Target: I can ask and answer questions.

Good Readers Make Predictions

Good reader predict what they think will happen in a book. Predicting is different than making a guess; it's based on some kind of knowledge or evidence. Predicting helps readers want to read on to find out if their predictions are correct. Using what readers know from their own lives, or background knowledge, helps readers make predictions.
Ormie the Pig Wants A Cookie


I know from my background knowledge that the title of a book tells what the book is about. The title of this book is Wild Baby Animals, which leads me to this prediction: I will learn about baby animals in their book. I know already that the animals pictured on the cover are a giraffe, lion, otters, and a chimpanzee. I predict that those are some of the wild baby animals that I will learn about. I also know from my background knowledge that babies are small and need to be taken care of. I think I will learn the size of newborn baby animals, how their mothers take care of them, and what baby animals learn as they grow.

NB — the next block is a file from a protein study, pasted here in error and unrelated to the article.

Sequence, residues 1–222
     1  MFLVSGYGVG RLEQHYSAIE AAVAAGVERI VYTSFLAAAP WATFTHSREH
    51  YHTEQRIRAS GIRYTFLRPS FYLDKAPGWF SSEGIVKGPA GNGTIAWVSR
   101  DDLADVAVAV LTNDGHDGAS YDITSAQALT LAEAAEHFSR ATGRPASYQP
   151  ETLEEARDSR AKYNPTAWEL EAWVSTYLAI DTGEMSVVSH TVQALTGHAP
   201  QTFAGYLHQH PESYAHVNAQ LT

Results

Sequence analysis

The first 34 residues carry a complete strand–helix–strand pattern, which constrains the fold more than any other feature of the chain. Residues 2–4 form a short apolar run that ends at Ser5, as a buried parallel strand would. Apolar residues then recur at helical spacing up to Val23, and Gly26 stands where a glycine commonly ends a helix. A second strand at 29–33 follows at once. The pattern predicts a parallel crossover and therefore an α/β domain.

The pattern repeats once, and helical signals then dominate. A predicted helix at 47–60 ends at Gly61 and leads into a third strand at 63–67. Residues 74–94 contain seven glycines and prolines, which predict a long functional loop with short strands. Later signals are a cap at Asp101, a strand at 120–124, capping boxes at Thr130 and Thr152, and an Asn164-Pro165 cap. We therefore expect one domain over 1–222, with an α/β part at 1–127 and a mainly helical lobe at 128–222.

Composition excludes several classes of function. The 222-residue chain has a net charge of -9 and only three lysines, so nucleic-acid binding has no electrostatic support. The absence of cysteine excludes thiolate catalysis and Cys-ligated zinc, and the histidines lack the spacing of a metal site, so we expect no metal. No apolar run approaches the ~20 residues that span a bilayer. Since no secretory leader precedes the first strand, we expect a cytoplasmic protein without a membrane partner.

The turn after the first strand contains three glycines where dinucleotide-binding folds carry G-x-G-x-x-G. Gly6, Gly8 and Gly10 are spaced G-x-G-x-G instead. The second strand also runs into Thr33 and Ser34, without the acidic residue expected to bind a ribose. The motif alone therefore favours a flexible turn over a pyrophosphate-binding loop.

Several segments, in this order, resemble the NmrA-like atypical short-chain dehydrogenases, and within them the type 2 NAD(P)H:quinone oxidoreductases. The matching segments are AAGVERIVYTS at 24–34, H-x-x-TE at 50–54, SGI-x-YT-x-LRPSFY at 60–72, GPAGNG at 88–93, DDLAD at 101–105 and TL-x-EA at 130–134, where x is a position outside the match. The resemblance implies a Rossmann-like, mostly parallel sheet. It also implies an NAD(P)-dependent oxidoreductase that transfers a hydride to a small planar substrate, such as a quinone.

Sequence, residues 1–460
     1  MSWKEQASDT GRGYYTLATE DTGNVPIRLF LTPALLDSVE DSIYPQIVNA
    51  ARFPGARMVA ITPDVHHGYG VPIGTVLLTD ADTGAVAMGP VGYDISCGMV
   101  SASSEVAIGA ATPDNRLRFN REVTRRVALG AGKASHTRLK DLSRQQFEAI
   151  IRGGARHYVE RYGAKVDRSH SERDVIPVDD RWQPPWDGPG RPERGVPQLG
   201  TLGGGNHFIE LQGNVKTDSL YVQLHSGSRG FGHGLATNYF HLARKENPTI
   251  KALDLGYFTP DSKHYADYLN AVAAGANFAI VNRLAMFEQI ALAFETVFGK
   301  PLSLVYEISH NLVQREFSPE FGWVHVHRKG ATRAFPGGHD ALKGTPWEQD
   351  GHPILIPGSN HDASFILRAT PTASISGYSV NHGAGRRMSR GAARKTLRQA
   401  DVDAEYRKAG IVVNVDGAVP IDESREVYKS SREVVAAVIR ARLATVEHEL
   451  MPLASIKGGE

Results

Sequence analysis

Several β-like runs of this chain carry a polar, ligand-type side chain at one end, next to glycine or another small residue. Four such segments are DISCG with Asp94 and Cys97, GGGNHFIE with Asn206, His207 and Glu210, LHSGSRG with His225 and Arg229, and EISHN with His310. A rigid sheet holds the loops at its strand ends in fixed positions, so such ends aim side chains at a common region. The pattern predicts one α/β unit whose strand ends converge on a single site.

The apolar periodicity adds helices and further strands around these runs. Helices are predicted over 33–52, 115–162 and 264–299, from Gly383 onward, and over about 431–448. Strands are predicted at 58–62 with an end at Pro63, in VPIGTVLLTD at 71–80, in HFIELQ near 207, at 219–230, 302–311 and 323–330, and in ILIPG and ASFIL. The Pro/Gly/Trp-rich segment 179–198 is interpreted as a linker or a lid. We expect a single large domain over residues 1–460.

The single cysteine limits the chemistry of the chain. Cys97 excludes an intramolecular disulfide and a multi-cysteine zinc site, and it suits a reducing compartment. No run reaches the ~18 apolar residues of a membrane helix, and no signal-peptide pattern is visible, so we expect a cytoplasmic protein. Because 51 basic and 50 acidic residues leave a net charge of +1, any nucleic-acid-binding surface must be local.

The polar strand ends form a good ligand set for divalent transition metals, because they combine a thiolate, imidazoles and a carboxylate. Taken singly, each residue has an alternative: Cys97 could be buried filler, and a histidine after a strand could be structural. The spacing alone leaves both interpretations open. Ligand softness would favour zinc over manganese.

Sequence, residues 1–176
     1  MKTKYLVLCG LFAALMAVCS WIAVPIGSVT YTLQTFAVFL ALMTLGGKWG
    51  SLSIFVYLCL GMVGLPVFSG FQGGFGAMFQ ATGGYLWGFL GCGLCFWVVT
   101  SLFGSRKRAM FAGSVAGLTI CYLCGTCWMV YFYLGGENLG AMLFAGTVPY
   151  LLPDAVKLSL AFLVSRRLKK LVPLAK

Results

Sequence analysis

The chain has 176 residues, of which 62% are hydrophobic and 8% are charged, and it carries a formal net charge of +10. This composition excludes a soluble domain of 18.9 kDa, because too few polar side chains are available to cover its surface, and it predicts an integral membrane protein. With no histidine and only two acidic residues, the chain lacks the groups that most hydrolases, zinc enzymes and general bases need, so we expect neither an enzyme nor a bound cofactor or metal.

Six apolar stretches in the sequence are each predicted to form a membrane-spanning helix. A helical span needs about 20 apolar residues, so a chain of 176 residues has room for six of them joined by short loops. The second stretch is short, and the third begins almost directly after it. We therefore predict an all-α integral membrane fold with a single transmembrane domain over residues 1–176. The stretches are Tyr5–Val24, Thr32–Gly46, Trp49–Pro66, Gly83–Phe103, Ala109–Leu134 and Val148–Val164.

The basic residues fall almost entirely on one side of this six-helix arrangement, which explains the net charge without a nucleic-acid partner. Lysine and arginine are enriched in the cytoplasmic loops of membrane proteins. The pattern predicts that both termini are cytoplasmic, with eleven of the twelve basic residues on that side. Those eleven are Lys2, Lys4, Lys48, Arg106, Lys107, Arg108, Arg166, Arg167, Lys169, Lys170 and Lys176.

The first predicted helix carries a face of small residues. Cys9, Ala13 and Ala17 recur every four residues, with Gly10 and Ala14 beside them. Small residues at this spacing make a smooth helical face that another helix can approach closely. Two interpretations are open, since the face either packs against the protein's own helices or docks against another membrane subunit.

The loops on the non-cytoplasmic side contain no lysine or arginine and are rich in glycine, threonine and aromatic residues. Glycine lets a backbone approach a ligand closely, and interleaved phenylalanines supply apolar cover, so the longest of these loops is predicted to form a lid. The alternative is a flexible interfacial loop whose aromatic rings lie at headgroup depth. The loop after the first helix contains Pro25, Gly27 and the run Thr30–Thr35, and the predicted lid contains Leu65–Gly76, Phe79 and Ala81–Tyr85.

Wild Baby Animals

What do you know about babies?
What can you add to your list about babies and baby animals?
How does what you know about the size of babies help you predict what you might learn?
How do your parents or guardians take care of you? How do you think wild animal parents take care of their babies?


How does your knowledge of babies help you make predictions about what will be in this nonfiction book? Why is using background knowledge to make predictions important?

Readers Workshop Question

What predictions can you make about your reading book today?